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Published February 02, 2011, 12:23 PM

U.S. Condemns Violence in Egypt, Chides Government

The United States criticized the government of President Hosni Mubarak and condemned violence in Egypt's capital as clashes between protesters and pro-government supporters demonstrated there would be no easy resolution to the unrest destabilizing America's closest ally in the Arab world.

By: Associated Press,

WASHINGTON (AP) — The United States criticized the government of President Hosni Mubarak and condemned violence in Egypt's capital as clashes between protesters and pro-government supporters demonstrated there would be no easy resolution to the unrest destabilizing America's closest ally in the Arab world.

A day after President Barack Obama pressed Mubarak to loosen his grip on power immediately, White House spokesman Robert Gibbs said the U.S. "deplores and condemns the violence that is taking place in Egypt."

"We are deeply concerned about attacks on the media and peaceful demonstrators," he added in a statement. "We repeat our strong call for restraint."

State Department spokesman Philip J. Crowley called the attacks "a direct threat to the aspirations of the Egyptian people."

"The use of violence to intimidate the Egyptian people must stop," Crowley said.

Their comments came after the protests in Egypt's capital took a dangerous turn when several thousand Mubarak supporters, including some riding horses and camels and wielding whips, attacked anti-government protesters. In scenes of uncontrolled violence, some of the assailants were dragged to the ground by demonstrators and beaten bloody while the two sides rained stones and bottles down on each other.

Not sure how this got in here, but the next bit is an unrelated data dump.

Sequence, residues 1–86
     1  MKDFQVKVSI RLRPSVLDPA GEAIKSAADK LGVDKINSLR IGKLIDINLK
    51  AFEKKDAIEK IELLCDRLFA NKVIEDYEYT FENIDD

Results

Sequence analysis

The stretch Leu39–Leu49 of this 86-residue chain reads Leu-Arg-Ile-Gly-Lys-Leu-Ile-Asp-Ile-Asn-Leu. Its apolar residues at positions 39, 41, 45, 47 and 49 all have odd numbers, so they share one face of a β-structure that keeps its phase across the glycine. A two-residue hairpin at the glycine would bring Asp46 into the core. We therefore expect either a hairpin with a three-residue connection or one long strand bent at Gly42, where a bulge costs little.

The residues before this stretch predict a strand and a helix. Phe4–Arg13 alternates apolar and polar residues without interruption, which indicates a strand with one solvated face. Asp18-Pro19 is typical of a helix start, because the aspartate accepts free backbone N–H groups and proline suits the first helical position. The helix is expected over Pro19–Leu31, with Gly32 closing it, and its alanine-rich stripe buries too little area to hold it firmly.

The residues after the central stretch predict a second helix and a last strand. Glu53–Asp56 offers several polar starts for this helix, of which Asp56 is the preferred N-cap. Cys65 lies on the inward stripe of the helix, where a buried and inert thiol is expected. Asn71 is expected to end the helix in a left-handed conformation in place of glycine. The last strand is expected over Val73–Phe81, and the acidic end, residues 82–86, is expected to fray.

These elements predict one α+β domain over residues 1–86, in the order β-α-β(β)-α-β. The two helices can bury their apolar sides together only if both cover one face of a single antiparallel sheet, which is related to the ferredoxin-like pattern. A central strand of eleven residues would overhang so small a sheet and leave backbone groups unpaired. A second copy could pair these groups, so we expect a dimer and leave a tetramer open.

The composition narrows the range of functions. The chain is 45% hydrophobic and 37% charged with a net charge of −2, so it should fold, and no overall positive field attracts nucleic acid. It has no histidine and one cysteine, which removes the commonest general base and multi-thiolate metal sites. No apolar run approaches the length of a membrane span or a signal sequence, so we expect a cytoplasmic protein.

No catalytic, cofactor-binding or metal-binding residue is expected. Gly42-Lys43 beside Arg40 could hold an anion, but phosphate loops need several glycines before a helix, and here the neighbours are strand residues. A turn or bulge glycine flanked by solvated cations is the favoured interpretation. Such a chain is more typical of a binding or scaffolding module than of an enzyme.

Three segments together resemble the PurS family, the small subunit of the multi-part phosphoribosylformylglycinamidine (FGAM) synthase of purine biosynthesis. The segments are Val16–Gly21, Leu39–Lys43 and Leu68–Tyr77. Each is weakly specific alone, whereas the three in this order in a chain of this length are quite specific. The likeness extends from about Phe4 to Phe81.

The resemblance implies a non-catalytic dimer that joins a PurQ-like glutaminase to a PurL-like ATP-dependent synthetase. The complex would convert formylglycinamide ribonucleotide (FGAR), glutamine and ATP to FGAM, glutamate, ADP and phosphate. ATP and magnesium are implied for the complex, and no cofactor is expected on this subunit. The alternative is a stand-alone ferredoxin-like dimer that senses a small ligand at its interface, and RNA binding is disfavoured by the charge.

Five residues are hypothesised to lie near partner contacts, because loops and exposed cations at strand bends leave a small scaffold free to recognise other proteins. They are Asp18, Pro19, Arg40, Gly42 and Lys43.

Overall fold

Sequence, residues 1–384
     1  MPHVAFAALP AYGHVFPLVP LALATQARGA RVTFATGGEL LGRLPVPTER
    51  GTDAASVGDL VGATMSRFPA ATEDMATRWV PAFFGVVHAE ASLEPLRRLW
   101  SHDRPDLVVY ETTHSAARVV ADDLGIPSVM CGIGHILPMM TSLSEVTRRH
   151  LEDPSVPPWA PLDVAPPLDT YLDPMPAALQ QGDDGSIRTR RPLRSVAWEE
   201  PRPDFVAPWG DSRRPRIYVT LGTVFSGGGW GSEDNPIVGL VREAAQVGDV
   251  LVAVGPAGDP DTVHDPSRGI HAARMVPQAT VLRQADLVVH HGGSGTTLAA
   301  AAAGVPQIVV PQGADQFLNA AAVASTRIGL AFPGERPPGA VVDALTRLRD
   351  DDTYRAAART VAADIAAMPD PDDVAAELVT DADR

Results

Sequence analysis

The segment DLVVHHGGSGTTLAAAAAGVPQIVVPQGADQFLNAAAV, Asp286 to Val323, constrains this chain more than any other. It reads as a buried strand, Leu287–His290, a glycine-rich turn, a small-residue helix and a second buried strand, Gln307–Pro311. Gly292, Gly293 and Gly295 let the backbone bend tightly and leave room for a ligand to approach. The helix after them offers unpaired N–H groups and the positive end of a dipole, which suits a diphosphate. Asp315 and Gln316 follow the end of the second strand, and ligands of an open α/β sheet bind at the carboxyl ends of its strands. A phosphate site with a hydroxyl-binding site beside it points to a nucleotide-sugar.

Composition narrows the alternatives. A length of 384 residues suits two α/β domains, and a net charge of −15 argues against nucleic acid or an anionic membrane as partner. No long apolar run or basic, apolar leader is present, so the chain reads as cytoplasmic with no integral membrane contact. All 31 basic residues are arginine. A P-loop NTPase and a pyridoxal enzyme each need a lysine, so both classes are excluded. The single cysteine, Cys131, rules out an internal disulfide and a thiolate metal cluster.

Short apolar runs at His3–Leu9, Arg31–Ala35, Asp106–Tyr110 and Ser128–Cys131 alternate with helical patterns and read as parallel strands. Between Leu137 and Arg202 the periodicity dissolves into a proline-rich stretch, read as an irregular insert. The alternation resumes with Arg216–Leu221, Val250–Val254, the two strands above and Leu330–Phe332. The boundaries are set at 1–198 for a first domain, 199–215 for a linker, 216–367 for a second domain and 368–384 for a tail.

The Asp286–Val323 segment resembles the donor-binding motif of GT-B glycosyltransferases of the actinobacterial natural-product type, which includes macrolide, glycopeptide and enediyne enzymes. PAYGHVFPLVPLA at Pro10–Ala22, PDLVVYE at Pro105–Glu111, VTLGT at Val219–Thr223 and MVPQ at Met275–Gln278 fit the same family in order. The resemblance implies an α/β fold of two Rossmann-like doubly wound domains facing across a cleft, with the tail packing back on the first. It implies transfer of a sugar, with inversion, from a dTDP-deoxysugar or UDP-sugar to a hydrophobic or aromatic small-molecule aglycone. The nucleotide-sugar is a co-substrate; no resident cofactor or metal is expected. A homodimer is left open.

The strife in Egypt was occurring a day after Obama prodded Mubarak to quickly loosen his grip on power, sternly telling the world that the longtime leader's transition from the presidency "must begin now."

Mubarak said Tuesday he would not seek re-election in balloting set for September. Yet he seemed determined to the person shepherding the political changeover from his authoritarian 30-year reign to an uncertain future.

The half-concession was angrily rejected by throngs of protesters in Cairo who say they are fed up with poverty and corruption and want him to step down immediately.

It also did not appear to satisfy Obama. After days of scrambling in the White House over how to react to the enormous and unanticipated protest movement, the president unmistakably sided with the demonstrators, even if he stopped short of demanding Mubarak's immediate resignation.

Behind the scenes, the White House had attempted to nudge Mubarak to the exits over the past 48 hours, dispatching former U.S. ambassador to Egypt Frank Wisner as a special envoy to deliver a message to him: The U.S. saw Mubarak's tenure at an end, didn't want him to seek re-election and wanted him to prepare an orderly transition to real democracy.

Keeping abreast of the situation, Chairman of the Joint Chiefs of Staff Adm. Mike Mullen spoke by phone Wednesday morning with his Egyptian counterpart, Lt. Gen. Sami Anan — their second conversation since Anan cut short a U.S. visit Friday to return to Egypt.

The general gave Mullen an update on developments, a statement said. Mullen expressed confidence in the Egyptian military's ability to ensure security in the country and around the Suez Canal.

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